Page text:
Apple TV+ Hurricane Katrina Miniseries: ‘Five Days At Memorial’ Review — Gut-Wrenching, Disturbingly Timely, and Masterful

Carlton Cuse and John Ridley stopped at nothing to recreate the scenes at Memorial Hospital during Hurricane Katrina, and Apple TV+ gave them all the resources to create a heart-wrenching masterpiece in Five Days at MemorialHurricane Katrina struck the Gulf Coast 17 years ago, but the emotions came flooding back within moments in the opening scenes of Five Days at Memorial. The timeliness is at the forefront of the story as it echoes the coronavirus (COVID-19) pandemic. How do doctors and nurses choose who gets care and who gets rescued when supplies are limited? Showbiz Cheat Sheet spoke with director Carlton Cuse and actor Adepero Oduye ahead of the release of Five Days at Memorial for this review.

'Five Days At Memorial' review- five stars

‘Five Days at Memorial’ timeline zeroes in on one hospital but tells a broader story

Apple TV+’s Five Days at Memorial tackles social and racial issues that America still faces today. Cuse and Ridley use footage from the time and then recreate precisely what happened at one hospital that left 45 patients dead in only five days. They tell the story and leave viewers to grapple with the unresolved questions. How could something this catastrophic happen in one of the wealthiest countries in the world?

No cost was too much to show the heartache the doctors, nurses, and patients endured in the days following Katrina’s landfall in New Orleans, Louisiana. The show built a four million gallon water tank to recreate a hurricane and flew a U.S. Coast Guard helicopter across the Canadian border during a pandemic.  

It all came together to make one cataclysmic point: the socioeconomic issues plaguing this country haven’t changed in 17 years. Those who were hit hardest during Hurricane Katrina were hit again when COVID-19 struck the country. The actors and producers hope the series encourages viewers to talk about all of the issues they bring to light. Adepero Oduye, who portrays nurse manager Karen Wynn, hopes that the conversations lead to solutions so that “we don’t we don’t repeat this again.”

“I’m very proud that the story was handled with care and tenderness,” The Falcon and The Winter Soldier star reflected on the eight-part miniseries. “I don’t think we’re telling people how to feel about anything. We’re just showing you as best we can what this story was like for these people.”

‘Five Days at Memorial’ episodes review the socioeconomic and racial issues at the forefront of the devastated Gulf Coast

In Five Days at Memorial, the scene switches from the devastation in New Orleans to three men having lunch on a golf course. Viewers find out Michael Arvin’s importance later. However, the disparity between the horrific scene in the hospital and the sumptuous lunch at the country club is enough to show the contrast.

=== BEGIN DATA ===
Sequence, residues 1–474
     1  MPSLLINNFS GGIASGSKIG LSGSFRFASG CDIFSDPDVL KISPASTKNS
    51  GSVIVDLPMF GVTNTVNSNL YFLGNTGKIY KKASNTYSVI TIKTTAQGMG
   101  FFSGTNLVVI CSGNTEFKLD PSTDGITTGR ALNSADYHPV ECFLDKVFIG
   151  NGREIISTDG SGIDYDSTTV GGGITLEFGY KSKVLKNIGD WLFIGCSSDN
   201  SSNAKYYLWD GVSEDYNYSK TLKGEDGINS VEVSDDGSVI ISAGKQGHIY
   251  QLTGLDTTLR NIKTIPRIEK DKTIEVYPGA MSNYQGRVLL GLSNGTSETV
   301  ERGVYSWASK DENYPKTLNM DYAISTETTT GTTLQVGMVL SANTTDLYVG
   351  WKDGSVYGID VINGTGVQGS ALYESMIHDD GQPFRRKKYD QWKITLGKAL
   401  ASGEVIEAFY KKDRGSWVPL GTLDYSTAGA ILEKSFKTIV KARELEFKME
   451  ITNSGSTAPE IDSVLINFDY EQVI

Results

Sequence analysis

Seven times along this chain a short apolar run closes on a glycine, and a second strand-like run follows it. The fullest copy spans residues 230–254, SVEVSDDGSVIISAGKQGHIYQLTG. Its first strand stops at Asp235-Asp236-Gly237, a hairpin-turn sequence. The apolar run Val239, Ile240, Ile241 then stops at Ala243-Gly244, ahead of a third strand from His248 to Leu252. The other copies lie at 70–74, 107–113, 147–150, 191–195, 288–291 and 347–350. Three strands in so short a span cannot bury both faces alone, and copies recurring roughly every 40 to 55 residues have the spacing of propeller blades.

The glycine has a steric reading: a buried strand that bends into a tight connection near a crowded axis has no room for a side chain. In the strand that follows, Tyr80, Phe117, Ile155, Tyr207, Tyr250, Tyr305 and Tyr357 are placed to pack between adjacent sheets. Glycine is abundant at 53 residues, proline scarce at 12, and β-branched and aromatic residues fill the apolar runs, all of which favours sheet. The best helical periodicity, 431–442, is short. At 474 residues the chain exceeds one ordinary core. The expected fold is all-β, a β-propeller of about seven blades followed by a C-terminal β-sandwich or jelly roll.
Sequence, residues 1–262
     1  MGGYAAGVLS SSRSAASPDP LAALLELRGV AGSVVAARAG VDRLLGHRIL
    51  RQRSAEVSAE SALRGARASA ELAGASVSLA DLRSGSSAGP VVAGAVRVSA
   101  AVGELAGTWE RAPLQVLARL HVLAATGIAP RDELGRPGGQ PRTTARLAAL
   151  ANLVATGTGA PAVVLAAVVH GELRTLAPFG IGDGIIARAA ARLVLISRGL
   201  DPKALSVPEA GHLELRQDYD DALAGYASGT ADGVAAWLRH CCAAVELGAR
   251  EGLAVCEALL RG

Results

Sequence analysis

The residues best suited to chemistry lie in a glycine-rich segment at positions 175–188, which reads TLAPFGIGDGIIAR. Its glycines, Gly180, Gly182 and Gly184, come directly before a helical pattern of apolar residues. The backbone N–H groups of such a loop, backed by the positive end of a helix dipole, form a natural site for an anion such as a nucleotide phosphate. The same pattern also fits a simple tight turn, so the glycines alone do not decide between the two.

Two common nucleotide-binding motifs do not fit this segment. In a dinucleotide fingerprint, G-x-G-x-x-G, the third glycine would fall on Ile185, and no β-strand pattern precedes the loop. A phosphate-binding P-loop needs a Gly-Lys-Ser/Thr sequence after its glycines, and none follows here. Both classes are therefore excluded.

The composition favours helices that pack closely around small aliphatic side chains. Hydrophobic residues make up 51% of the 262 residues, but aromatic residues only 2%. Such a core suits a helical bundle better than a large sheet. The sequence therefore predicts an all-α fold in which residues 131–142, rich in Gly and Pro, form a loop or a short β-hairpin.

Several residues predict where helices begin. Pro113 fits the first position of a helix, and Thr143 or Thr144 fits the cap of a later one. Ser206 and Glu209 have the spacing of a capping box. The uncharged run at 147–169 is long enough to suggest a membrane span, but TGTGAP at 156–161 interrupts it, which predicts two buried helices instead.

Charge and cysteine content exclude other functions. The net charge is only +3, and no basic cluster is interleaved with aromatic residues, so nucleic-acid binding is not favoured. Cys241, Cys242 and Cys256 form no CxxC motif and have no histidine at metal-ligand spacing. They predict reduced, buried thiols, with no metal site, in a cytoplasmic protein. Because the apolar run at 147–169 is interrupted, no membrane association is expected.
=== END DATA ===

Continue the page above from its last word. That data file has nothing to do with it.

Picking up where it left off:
The three upper-class white men discuss whether an event like Hurricane Katrina is “good for business.” Meanwhile, the predominantly poor and Black people of New Orleans fight for their lives while their homes are destroyed.

Five Days at Memorial episodes review the failures at multiple levels. At one point, firefighters stood around for an entire day, waiting for instructions to come. They had supplies and were ready to begin rescue operations, but no orders came. 

The archival footage from New Orleans and the surrounding area shows the story of what happened outside the hospital. The local, state, and federal rescue efforts all failed the people.

Healthcare professionals were forced to make tough decisions during Hurricane Katrina

Within the hospital’s walls, Cherry Jones portrays Director of Nursing Susan Mulderick. As the head of the Emergency Disaster Committee, she quickly became the Incident Commander for Katrina, tasked with making impossible decisions about the 2,000 people inside the hospital when the hurricane struck. Who gets rescued first? Is it the sickest, most critical patients or those who can quickly walk to the rescue boats?

The 20-foot storm surge ruptured the levees around New Orleans, flooding 80% of the city. The water quickly flooded the hospital’s basement, shutting off the generators and creating stifling heat. There was no evacuation plan in place, and the rescue boats and helicopters were far and few between. Susan had to choose who to send on the few boats and helicopters that arrived. Vera Farmiga portrays Dr. Anna Pou, who grappled with what to do about the patients about to be left behind.

“We really wanted to examine that process nonjudgmentally and let the audience see what unfolded,” director Carlton Cuse told Showbiz ahead of our Five Days at Memorial review. “And then the audience could make up their own mind about the circumstances. But mostly, I think we were trying to point out how any health care professional is put in situations like this where health care has to be rationed, where you have to make decisions about who gets what or who gets rescued or who gets prioritized. Those are terrible, impossible decisions that no one should have to make. And hopefully, in the future, people will learn from experiences like this, and we won’t have situations like this anymore.”

The first three episodes of Five Days at Memorial hit Apple TV+ on Aug. 12, 2022. The remaining episodes drop every Friday following the premiere.